Partial hydatidiform mole

Partial hydatidiform mole (PHD) is a sub type of a hydatidiform mole which in turn falls under the spectrum of gestational trophoblastic disease

Clinical signs and symptoms such as abdominal pain, cramps of the lower abdomen and vaginal bleeding during pregnancy are non specific. The uterus is often large for gestational age, and fetal heart beat is usually absent. 

It is characterised by its focal distribution, slower transformation, the presence of an embryo or fetus, and a triploid karyotype (70% are 69, XXY; 27% are 69, XXX; 3% are 69 XYY). The extra set of chromosomes are often of paternal origin 7.

Antenatal ultrasound

Definitive diagnosis by ultrasound is often difficult. Described sonographic features include 1,3:

  • greatly enlarged placenta relative to the size of the uterine cavity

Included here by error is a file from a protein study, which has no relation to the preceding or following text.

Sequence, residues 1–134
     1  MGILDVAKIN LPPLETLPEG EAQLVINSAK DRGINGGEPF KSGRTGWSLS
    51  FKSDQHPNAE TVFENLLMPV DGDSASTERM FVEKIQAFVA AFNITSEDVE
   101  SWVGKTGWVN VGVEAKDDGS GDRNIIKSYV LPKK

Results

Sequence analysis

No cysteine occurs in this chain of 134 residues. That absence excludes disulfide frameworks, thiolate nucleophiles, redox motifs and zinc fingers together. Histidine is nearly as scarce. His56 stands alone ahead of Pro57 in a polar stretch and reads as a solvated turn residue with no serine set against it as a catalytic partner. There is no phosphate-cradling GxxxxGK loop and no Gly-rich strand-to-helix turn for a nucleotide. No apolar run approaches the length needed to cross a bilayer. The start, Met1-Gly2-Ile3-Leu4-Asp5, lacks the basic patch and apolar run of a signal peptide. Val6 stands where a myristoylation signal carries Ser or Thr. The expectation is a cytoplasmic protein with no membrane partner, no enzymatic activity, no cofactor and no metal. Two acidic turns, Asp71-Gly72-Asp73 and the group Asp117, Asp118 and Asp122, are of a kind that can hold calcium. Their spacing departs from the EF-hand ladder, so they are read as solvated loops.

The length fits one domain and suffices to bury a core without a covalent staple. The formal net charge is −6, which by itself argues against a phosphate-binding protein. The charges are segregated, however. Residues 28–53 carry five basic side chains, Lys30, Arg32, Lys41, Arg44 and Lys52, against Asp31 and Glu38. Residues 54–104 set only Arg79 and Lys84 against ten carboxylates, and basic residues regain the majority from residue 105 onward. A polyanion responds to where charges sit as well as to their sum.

• cystic spaces within the placenta ("molar placenta"), which may not always be present
  • an amniotic cavity (gestational sac), either empty or containing amorphous inappropriately small fetal echoes which may be surrounded by a relatively thick rim of placental echoes with intermingling cystic spaces.
  • presence of a well-formed but growth-retarded fetus, either dead or alive with hydropic degeneration of fetal parts being frequently present.
  • some partial moles can have sonographic appearances indistinguishable from those of the common complete moles or missed abortions 3, although an echogenic rim around the sac, as found in missed abortion or blighted ovum, is notably absent
CT/MRI

CT and/or MRI evaluation are not usually performed initially but may be used to determine if there is extension of molar tissue outside the uterus. CT may show an enlarged uterus with areas of low attenuation, or hypoattenuating foci surrounded by highly enhanced areas in the myometrium.

Considerations on early ultrasound scans include:

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Article information

rID: 13717
Section: Pathology
Tag: cases
Synonyms or Alternate Spellings:
  • Partial mole
  • Partial molar pregnancy
  • Partial hydatidiform mole (PHM)

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